4. From hereon, nights are longer than days and days continue to get shorter until December, when the light will begin its slow climb back to long summer days. Winter solstice is technically the shortest day of the year, while the summer solstice in June boasts the most sunlight.
Satellite imagery shows that Jose is a large storm, with a large reach. NASA’s Aqua satellite captured cloud top temperatures of Tropical Storm Jose that revealed the strongest storms were in the northeastern part of the tropical cyclone but the storm is so large that it is causing dangerous ocean conditions from Bermuda to the U.S. East coast.
Tropical-storm-force winds extend outward up to 205 miles (335 km) from the center. Despite the strongest side facing away from the coast, dangerous surf and rip currents expected to continue for several more days along much of the east coast of the United States.
On Sept. 20, a Tropical Storm Warning is in effect for Woods Hole to Sagamore Beach, including Cape Cod, Massachusetts, Block Island, Martha's Vineyard and Nantucket Island.
Globe sees 2nd warmest year to date, 3rd warmest August on record
Arctic and Antarctic sea ice coverage remains at near-record lows
September 18, 2017- The final days of August signaled summer’s end for those of us in the Northern Hemisphere. So, how did this summer compare to others?
For the entire globe, both August and the season (June, July and August) each went down as the third warmest on record. But depending on where you live, the summer you experienced may have felt warmer or cooler than normal.
Let’s dive deeper into our monthly analysis for the fuller picture:
Climate by the numbers
August 2017 was 1.49 degrees F above the 20th-century average of 60.1 degree F. This was the third highest in the 1880-2017 record, behind 2016 (highest) and 2015 (second highest). This marks the 41st consecutive August and 392nd consecutive month with global temperatures at least nominally above average, according to scientists from NOAA’s National Centers for Environmental Information.
Seasonal | June through August 2017
The seasonal global temperature for June through August was 1.46 degrees F above the average of 60.1 degrees F — the third highest for this period in the record, trailing 2016 (highest) and 2015 (second highest).
Year to date | January through August 2017
Looking at the year to date, the global temperature was 1.58 degrees F above the average of 57.3 degrees F, the second highest for this period in the record after 2016.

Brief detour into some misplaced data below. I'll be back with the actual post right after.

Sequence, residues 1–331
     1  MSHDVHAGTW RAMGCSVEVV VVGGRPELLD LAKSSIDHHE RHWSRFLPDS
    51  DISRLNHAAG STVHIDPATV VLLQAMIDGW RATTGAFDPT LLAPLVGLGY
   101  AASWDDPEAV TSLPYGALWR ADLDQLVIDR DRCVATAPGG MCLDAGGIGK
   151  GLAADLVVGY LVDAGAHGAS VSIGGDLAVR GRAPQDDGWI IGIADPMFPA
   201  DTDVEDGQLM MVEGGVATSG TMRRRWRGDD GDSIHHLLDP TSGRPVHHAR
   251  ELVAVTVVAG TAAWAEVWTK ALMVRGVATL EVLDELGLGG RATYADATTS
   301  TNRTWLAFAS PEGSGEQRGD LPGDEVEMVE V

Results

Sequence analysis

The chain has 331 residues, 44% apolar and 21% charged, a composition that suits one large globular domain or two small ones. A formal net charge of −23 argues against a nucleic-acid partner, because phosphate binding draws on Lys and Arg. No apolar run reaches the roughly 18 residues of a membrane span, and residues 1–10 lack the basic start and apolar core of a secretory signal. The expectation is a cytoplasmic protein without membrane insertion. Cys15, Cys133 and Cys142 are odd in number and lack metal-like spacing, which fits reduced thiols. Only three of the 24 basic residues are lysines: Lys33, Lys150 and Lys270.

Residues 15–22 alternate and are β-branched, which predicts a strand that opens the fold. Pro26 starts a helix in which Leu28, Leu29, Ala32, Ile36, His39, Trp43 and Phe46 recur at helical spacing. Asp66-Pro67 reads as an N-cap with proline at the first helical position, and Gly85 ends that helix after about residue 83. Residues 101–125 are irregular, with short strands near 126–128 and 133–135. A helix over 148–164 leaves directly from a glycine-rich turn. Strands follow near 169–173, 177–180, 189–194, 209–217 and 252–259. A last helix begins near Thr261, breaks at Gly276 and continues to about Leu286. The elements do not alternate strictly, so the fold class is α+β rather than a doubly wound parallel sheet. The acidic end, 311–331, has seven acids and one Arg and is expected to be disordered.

The Bird Watcher: As hawks fly south, here's where to witness the splendor
Jim Wright, Special to The Record
Published 8:00 a.m. ET Sept. 6, 2017
The next two weeks will bring what North Jersey raptor lovers have awaited for months: the spectacular sight of migrating broad-winged hawks. Why not join the fun?
These handsome hawks have a long history of heading south through our region in mid-September by the thousands on their way to Mexico.
North Jersey and nearby New York offer great hawk watches where you can watch the migration free of charge, with the help of official observers who keep count of the broad-wings and other species of migrating raptors.
Broad-wings — relatively small, stocky hawks with striking black-and-white striped bands on their tails — aren’t the only attraction. You could see anything from ospreys and bald eagles to hummingbirds and monarch butterflies.
The return of a native New Yorker: whales
By Nina Agrawal
August 18, 2017
Los Angeles Times
On a gray summer afternoon a double-decker ferry cruised around New York’s Rockaway Peninsula as rain drove down in sheets. Undaunted, the passengers, including 8-year-olds from Brooklyn celebrating a birthday, looked out the windows, hoping to glimpse their quarry.
A voice came over a weak microphone. “You’re going to help all of us find whales,” Catherine Granton said.
Yes, whales. In New York.
Granton told the passengers to look for whitecaps, where whales might be breaking the water’s surface.
Granton is an educator for the nonprofit Gotham Whale, which, together with American Princess Cruises, has been tracking humpbacks off the coast of New York City since 2011, after fishermen began reporting sightings. To date, the organization has cataloged 60 individual humpback whales in the area.
The whales aren’t alone. Dolphins and seals are now commonplace in New York Harbor, and a project to restore oysters to what was once known as “the oyster capital of the world” is yielding new oyster reefs in the New York-New Jersey estuary.
“What’s happening is they’re returning to waters that they frequented in the past,” Granton said.
USA threatened by more frequent flooding
Researchers show that the East Coast of the USA is slowly sinking into the sea
Date: September 11, 2017
Source: University of Bonn
Summary: The East Coast of the United States is threatened by more frequent flooding in the future. According to this study, the states of Virginia, North Carolina, and South Carolina are most at risk. Their coastal regions are being immersed by up to three millimeters per year -- among other things, due to human intervention.
Cities such as Miami on the East Coast of the USA are being affected by flooding more and more frequently. The causes are often not hurricanes with devastating rainfall such as Katrina, or the recent hurricanes Harvey or Irma. On the contrary: flooding even occurs on sunny, relatively calm days. It causes damage to houses and roads and disrupts traffic, yet does not cost any people their lives. It is thus also known as 'nuisance flooding'.